Farmers in the Binevenagh and coastal lowlands area are being given the opportunity to improve and grow their farm businesses through a range of projects offered as part of the Binevenagh and Coastal Lowlands Landscape Partnership Scheme.
Across the five years of the project, the scheme will work with and on behalf of local communities, farmers, and landowners to explore, enhance, conserve, and improve access to the outstanding landscapes and heritage of the Binevenagh area.
As part of this suite of projects, local farmers can benefit by getting involved in the Curly Burn Catchment care project which is funded by the National Lottery Heritage Fund and The Loughs Agency. The Curly Burn and its tributary, The Lynn, form the largest full river catchment within the landscape partnership area, covering an area of around 40 square kilometres with the main channel stretching for approximately 9 kilometres. The entire main channel of the river falls under the River Roe and Tributaries Special Area of Conservation (SAC) and Area of Special Scientific Interest (ASSI), which has been designated to protect its populations of Atlantic Salmon, Otter and Old Sessile Oak Woods which are deemed to be of national and European importance.
The largest land use in the area, as with most of Northern Ireland, is farming, with around 50% of the catchment area utilised for grazing livestock, therefore local farmer involvement is key to the success of this project and sustaining the benefits of the work into future generations.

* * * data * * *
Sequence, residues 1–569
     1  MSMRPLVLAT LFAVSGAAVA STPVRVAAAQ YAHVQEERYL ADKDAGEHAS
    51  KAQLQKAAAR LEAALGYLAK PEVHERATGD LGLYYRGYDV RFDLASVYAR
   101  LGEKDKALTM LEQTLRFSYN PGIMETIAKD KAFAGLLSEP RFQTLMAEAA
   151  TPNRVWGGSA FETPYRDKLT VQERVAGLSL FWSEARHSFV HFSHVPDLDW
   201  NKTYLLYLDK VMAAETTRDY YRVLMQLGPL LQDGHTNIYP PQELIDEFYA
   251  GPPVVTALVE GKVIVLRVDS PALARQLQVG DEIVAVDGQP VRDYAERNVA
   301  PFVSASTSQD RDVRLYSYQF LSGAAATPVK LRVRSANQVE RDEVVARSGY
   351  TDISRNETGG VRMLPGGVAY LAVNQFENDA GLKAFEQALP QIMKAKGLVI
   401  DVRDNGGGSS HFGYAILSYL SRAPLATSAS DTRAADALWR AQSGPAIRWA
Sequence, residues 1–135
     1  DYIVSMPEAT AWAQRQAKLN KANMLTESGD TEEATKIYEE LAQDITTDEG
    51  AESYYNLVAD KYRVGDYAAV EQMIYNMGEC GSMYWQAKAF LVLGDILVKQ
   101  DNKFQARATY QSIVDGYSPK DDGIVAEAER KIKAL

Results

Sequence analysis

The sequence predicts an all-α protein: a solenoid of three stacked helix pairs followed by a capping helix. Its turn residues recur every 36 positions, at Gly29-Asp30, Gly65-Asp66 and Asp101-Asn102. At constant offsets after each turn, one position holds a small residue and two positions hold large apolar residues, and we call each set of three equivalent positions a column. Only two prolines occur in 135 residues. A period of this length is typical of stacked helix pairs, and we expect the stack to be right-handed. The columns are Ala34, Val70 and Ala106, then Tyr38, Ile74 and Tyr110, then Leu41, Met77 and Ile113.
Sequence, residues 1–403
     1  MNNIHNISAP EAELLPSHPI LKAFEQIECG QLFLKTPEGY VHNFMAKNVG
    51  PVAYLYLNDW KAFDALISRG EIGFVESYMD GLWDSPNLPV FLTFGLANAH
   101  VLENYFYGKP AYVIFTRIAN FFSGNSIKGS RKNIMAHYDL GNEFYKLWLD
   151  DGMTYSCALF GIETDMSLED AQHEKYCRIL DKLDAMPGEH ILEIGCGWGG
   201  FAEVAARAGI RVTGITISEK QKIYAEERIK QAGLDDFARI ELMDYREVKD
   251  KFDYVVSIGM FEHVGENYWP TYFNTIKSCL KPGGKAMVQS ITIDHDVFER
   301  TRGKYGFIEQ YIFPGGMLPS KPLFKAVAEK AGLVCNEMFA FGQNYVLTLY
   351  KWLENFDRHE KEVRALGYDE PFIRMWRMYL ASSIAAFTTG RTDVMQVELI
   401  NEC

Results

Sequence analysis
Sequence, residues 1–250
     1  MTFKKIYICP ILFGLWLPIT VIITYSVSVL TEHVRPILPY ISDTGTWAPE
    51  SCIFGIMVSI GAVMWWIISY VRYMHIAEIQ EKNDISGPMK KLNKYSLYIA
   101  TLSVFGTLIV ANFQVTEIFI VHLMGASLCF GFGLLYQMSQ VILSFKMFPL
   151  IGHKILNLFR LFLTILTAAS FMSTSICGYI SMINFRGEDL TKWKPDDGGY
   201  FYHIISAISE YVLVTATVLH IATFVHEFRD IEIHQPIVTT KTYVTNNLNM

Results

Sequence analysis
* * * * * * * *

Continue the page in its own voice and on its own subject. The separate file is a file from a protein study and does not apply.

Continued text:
Local anglers have highlighted that the Curly Burn has fantastic potential to enhance the stocks of fish in the Roe System and further angling opportunities in its lower reaches, however intensification of agriculture and in channel modification over the last 50-60 years have degraded the habitat and water quality of the river. Therefore, our work will initially focus on the heavily modified lower sections of the river running downstream of Lower Bolea road bridge.
Through working with farmers and landowners we will aim to minimise livestock access to the river by providing farmers with free fencing and cattle drinkers where grazing land runs adjacent to the river. With free access, stock can increase riverbank and soil erosion and kick up silt within the river channel which negatively impacts salmon breeding, river invertebrate population and overall water quality.
A second area that we will help farmers to manage is that of fertiliser and pesticide use. These can inadvertently be applied in excess, at not only a financial cost to the farmer, but can enter the river through surface and groundwater runoff. This raises concerns for aquatic life and can present problems for drinking water extraction. To combat these issues, we will run a series of free landowner events to advise on best methods and techniques for soil fertility management, and the safe use of pesticides. In addition, in partnership with the Woodland Trust we will facilitate the planting of native tree buffer strips which will lessen the impacts of surface and groundwater runoff.
The Curly Burn Catchment care project also links closely with the farm resilience project which is open to all farmers in the Binevenagh Landscape Partnership area. Farmers in the area can avail of these free farm plans which will be developed on a one-to-one basis and specifically tailored for each farm business.
To express your interest in the Curly Burn Catchment care or farm resilience project, please contact firstname.lastname@example.org or call 07951 371561